UlaanBaatur to Beijing, 1500 miles, 1 train. Bogeys, smog and scorpions.

27 Jun

This final section of my Bere Alston to Beijing journey found me yet again on my own in a coupé. This must be some sort of record – of the 6500 odd miles covered, I must have spent at least 5000 without company. I’m starting to wonder what the agency who booked my tickets must have said about me. “Special dietary requirements : must eat alone”? I mean, this train was rammed full of people: 3, 4 even 5 to a compartment, and there was I, lording it up in glorious solitude, lounging in my pants upon whichever bunk I chose…

This time however, my situation was an advantage rather than a hindrance when it came to socialising because, having friends now, I could invite people round to mine. Hey, why not pop over to my place in carriage 7? I’d say. It’s very roomy.

So I had visitors and we played cards and drank beer and it was very jolly. Again the border crossings took an age, but this time it was slightly more interesting because a) we were drunk and b) we got to watch people “changing the bogeys”. Whenever you enter or leave the territory of the former USSR by train, your entire carriage has to be lifted clear of its wheels, or “bogeys”, so that new ones can be attached. This is because Russian railway tracks are about about an inch wider than everyone else’s. The whole process takes a couple of hours, inside a giant shed and employs a good 30 people for each train.

So, with new wheels (and inexplicably, a new Chinese restaurant car) attached, we rumbled into The People’s Republic of China. The Gobi Desert continued to stretch on for a little while, but before long it was replaced by stunning mountains and rivers and soon we were in the sprawling outskirts of Beijing. I know I’ve already used the word “rad” to honour Moscow in a previous post, but Beijing is, if anything, radder. The food, the prices, the heat, the chaos, the funny signs, I love it all. And Beijingers are sweet, welcoming and disarmingly honest, as shall now be seen.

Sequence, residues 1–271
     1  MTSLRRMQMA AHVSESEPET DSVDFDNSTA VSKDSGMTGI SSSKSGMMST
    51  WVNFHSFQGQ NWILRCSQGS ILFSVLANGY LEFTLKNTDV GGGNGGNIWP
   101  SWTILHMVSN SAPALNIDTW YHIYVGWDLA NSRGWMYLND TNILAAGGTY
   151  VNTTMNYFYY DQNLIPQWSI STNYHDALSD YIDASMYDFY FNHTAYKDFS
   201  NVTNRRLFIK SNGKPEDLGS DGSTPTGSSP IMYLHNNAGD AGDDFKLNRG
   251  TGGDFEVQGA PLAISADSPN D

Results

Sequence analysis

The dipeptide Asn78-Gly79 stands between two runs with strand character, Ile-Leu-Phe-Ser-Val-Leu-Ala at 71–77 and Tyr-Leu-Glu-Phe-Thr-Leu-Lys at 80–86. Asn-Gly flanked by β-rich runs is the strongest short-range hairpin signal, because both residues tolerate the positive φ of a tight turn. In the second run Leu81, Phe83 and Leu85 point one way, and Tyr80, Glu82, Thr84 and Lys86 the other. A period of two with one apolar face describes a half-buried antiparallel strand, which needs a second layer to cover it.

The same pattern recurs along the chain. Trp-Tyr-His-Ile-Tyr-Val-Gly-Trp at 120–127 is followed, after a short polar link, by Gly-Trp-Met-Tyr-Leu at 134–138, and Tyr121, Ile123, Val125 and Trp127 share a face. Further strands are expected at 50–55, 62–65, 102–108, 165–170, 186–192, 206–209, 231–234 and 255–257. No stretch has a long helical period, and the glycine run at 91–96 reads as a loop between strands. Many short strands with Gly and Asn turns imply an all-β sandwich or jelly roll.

As you may have gathered, I have a great talent for losing my possessions. This time, somewhere between my hostel and the metro station, my wallet slipped from the extremely shallow and unsuitable pocket of my tasteless pink Bermuda shorts. I retraced my steps but it was nowhere to be seen. I had, of course, just stuffed it with about 100 quid’s worth of Chinese Yuan from the cashpoint, plus there was my bank card, driving license and hostel key – all in all, a nice little haul. I’m quite good at saying goodbye to possessions and not getting too upset about it. After all, if I let it sadden me every time I lost something, well, I’d probably be profoundly depressed by now. So I bade a little farewell to yet another wad of cash and stuff, and went along my way. But barely had I set foot on the metro, than my phone rang. This was partly strange because I didn’t know mobiles worked on the underground, but mostly because I’d only just put a new Chinese SIM card in it, and I hadn’t even noted down the number, let alone given it to anyone.

“Hello?” I stammered.

Hello, My name is Lu PeiWei but you could call me Sam. I have you pick-pocket wallet”

“You pick-pocketed me?!” For a moment I thought I was getting a call from a thief who’d had a pang of conscience.

No! I have you wallet. I think you were pick-pocket”